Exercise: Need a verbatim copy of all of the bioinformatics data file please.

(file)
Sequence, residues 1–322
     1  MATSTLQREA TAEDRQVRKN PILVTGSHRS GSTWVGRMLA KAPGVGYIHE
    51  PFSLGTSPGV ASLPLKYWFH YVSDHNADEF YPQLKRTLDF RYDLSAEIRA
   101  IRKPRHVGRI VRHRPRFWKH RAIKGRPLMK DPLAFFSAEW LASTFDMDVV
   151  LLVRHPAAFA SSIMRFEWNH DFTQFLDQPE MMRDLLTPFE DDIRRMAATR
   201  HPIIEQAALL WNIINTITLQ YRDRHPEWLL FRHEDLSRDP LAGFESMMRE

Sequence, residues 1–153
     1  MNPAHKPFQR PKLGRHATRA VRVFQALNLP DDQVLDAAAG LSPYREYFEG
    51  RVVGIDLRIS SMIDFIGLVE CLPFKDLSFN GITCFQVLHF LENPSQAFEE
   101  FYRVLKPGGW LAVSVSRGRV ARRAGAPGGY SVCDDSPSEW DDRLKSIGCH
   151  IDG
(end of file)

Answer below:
Sequence, residues 1–322
     1  MATSTLQREA TAEDRQVRKN PILVTGSHRS GSTWVGRMLA KAPGVGYIHE
    51  PFSLGTSPGV ASLPLKYWFH YVSDHNADEF YPQLKRTLDF RYDLSAEIRA
   101  IRKPRHVGRI VRHRPRFWKH RAIKGRPLMK DPLAFFSAEW LASTFDMDVV
   151  LLVRHPAAFA SSIMRFEWNH DFTQFLDQPE MMRDLLTPFE DDIRRMAATR
   201  HPIIEQAALL WNIINTITLQ YRDRHPEWLL FRHEDLSRDP LAGFESMMRE

Sequence, residues 1–153
     1  MNPAHKPFQR PKLGRHATRA VRVFQALNLP DDQVLDAAAG LSPYREYFEG
    51  RVVGIDLRIS SMIDFIGLVE CLPFKDLSFN GITCFQVLHF LENPSQAFEE
   101  FYRVLKPGGW LAVSVSRGRV ARRAGAPGGY SVCDDSPSEW DDRLKSIGCH
   151  IDG